Regulating digital platforms in China

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Today, a China Daily article described government complaints about Uber's subsidies to drivers:

Speaking at a news conference in Beijing, he [the minister of transport] said the subsidies are a short-term tactic to gain a bigger market share. "The apps are profit-driven and the subsidies will not be handed out forever," he said.

Taxi-hailing app Didi Kuaidi, backed by Internet giants including Alibaba Group Holding and Tencent Holdings, is in fierce competition with Uber Technologies in China. The cash-rich companies are heavily subsidizing passengers and drivers to gain a bigger market presence.

Uber CEO Travis Kalanick said earlier this year that the company lost more than $1 billion in China last year from subsidizing users.

Didi Kuaidi did not disclose the amount given in subsidies. Before a high-profile merger of two local apps last year, the Chinese company had pledged to subsidize projects worth more than 2 billion yuan ($310 million).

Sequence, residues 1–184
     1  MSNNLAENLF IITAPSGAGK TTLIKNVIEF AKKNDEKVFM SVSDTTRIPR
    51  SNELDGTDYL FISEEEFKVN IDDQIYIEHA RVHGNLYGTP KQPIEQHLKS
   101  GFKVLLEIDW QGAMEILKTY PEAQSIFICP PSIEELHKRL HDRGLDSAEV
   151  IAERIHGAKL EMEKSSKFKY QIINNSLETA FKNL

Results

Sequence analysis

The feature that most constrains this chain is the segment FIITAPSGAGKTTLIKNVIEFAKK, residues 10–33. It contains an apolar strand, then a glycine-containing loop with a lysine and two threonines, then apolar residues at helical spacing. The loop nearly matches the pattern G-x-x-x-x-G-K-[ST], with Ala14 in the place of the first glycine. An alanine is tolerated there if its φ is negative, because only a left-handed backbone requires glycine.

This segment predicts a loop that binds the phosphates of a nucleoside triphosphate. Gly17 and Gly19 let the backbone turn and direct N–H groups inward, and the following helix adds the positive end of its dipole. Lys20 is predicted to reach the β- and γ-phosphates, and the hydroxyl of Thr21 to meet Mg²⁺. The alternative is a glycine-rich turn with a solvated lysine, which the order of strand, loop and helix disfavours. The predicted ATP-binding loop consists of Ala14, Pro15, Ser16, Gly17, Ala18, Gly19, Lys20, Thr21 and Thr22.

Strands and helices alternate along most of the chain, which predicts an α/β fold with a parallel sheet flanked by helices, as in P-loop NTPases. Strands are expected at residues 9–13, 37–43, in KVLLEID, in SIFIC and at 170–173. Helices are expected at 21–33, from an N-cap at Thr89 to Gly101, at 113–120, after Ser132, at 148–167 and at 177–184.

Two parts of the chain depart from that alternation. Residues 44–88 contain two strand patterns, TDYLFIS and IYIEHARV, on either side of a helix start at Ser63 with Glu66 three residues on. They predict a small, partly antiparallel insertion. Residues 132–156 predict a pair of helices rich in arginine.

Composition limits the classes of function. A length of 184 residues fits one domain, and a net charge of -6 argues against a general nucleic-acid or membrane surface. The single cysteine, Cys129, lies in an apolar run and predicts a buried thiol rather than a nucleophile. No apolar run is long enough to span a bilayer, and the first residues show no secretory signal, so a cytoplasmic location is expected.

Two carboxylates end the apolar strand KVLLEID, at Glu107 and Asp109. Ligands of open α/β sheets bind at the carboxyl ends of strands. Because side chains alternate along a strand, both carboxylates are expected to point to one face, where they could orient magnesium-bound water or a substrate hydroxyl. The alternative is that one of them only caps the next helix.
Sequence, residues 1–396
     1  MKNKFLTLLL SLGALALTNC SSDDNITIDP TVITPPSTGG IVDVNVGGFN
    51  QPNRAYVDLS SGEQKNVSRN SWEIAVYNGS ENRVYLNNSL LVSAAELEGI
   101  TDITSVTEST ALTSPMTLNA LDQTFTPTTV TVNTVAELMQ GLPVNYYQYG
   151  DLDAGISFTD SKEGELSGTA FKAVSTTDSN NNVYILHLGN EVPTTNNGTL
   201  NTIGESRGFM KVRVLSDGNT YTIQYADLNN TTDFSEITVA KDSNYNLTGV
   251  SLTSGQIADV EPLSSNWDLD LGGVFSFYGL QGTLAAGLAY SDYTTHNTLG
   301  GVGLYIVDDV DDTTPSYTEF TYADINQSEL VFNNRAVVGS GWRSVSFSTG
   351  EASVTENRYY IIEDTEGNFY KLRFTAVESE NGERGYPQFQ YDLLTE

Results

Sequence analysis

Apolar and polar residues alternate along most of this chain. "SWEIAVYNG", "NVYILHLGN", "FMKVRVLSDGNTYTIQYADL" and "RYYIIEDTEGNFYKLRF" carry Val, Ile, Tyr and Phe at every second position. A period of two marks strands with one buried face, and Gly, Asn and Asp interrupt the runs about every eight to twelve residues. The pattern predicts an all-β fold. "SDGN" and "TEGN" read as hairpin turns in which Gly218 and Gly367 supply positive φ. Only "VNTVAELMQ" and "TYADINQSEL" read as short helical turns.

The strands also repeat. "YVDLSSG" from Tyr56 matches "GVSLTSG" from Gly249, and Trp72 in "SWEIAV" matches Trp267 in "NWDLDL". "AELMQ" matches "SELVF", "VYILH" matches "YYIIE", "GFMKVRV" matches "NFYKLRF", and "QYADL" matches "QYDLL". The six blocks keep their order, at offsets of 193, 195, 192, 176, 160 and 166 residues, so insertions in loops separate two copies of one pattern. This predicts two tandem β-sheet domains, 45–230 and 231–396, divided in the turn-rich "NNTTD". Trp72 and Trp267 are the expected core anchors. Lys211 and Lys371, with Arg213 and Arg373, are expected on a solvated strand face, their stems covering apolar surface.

Data from the same article:

  • Nearly 22 million people booked car journeys through mobile apps in the first half 2015.
  • "Didi Kuaidi accounts for more than 80 percent of the market share in China".

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P2P lending

The FT reports that the PBOC opposes the use of online loans for some purposes, like using them as down payments:

In comments at the weekend Zhou Xiaochuan, head of the People’s Bank of China, denounced loans for down payments on homes as illegal. Pan Gongsheng, a central bank vice-president, said regulators will act against the peer-to-peer companies that grant such loans.

“I have been very nervous about this because it reminds me of the US subprime crisis,” said Xia Le, chief economist for Asia at BBVA. “In the past, people buying houses paid using their own money but now they’re using speculative shadow finance.”

On P2P failures: Risky business of P2P lending and a ‘battle we must not lose’ | South China Morning Post:

According to, 106 online P2P lenders absconded, suspended business, suffered liquidity problems or were subject to investigations in December. In November that figure was 79 and in October, 47.

... Guo Tianyong, a professor at the Central University of Finance and Economics, said the lack of regulation was a major cause of this year’s market disorder and that further fallout could spark investor panic and endanger financial stability

See also: How Chinese investors lost their money

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